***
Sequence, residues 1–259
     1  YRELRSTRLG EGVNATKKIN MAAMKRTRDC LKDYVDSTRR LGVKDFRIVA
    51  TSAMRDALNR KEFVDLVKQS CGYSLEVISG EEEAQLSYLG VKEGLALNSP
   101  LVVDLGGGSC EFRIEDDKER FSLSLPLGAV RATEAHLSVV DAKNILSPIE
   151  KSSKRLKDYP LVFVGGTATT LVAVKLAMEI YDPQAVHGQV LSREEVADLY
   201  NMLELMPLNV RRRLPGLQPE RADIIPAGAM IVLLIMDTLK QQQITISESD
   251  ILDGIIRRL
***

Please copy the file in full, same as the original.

Sequence, residues 1–259
     1  YRELRSTRLG EGVNATKKIN MAAMKRTRDC LKDYVDSTRR LGVKDFRIVA
    51  TSAMRDALNR KEFVDLVKQS CGYSLEVISG EEEAQLSYLG VKEGLALNSP
   101  LVVDLGGGSC EFRIEDDKER FSLSLPLGAV RATEAHLSVV DAKNILSPIE
   151  KSSKRLKDYP LVFVGGTATT LVAVKLAMEI YDPQAVHGQV LSREEVADLY
   201  NMLELMPLNV RRRLPGLQPE RADIIPAGAM IVLLIMDTLK QQQITISESD
   251  ILDGIIRRL